• Most banks should have ample capital to withstand the blow, but CECL could slow balance sheet growth as some institutions raise rates on loans, while others look to rebuild their capital bases.
Additional margin expansion lies ahead for the banking industry. That expansion, coupled with a lower corporate tax, should allow profitability to nearly reach pre-crisis levels.
We expect that to occur in our baseline scenario, which excludes the impact of a new reserve methodology, known as CECL, that banks will adopt in 2020. When including the impact of CECL, we project that while the banking industry will record slightly higher net interest margins, it should report lower capital ratios and experience greater earnings volatility. S&P Global Market Intelligence created a baseline scenario as well as a separate outlook including the impact of CECL to offer an apples-to-apples comparison between results before and after the adoption of the accounting standard. Projections in this report reflect our base case unless otherwise noted.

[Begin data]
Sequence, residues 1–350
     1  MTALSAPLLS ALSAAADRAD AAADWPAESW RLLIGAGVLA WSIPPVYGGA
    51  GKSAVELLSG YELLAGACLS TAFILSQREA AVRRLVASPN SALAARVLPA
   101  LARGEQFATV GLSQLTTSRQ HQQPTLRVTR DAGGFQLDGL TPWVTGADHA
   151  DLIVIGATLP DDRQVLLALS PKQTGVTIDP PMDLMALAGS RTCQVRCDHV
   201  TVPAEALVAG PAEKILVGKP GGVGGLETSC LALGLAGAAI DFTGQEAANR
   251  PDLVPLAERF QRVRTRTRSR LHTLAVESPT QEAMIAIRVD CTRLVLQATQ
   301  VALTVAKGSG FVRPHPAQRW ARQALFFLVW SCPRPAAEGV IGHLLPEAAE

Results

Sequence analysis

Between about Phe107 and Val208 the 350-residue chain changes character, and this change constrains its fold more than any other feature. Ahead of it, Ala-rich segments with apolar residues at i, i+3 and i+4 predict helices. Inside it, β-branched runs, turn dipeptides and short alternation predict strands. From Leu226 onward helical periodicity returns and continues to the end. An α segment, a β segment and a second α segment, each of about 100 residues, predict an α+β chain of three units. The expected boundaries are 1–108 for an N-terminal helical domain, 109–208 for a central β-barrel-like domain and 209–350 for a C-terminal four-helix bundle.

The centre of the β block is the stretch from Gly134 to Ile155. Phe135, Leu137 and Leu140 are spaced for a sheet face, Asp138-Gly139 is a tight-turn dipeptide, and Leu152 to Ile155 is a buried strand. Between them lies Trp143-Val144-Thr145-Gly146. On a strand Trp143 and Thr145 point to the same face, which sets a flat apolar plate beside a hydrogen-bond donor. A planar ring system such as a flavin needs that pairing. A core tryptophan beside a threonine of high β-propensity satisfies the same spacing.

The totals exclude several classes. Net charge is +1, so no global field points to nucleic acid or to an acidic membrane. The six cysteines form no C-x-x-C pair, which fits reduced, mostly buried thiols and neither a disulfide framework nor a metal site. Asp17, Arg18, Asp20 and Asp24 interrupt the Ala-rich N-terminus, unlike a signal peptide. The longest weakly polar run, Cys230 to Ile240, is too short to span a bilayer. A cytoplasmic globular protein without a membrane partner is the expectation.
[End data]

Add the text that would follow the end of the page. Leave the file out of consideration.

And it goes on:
Assuming interest rates increase as expected, the banking industry’s earnings are projected to jump 36.3% in 2018. Earnings should rise 4.2% in 2019 as higher interest rates continue to bolster profitability.
S&P Global Market Intelligence sees earnings falling in 2020 as credit quality begins deteriorating. The projections also assume that in 2020, GDP growth will begin to slow and the unemployment rate will move modestly higher.
The benefits of higher interest rates should also wane as funding costs catch up with the expansion in earning- asset yields.
Tax reform offers a large boost to bank earnings
The lower tax rate stemming from tax reform and the benefit of being compared to a lower earnings base in 2017 should allow earnings to grow significantly in 2018.
U.S. banks plan to share some of the windfall created by tax reform with their employees and customers, but the industry stands to retain more than 75% of the savings.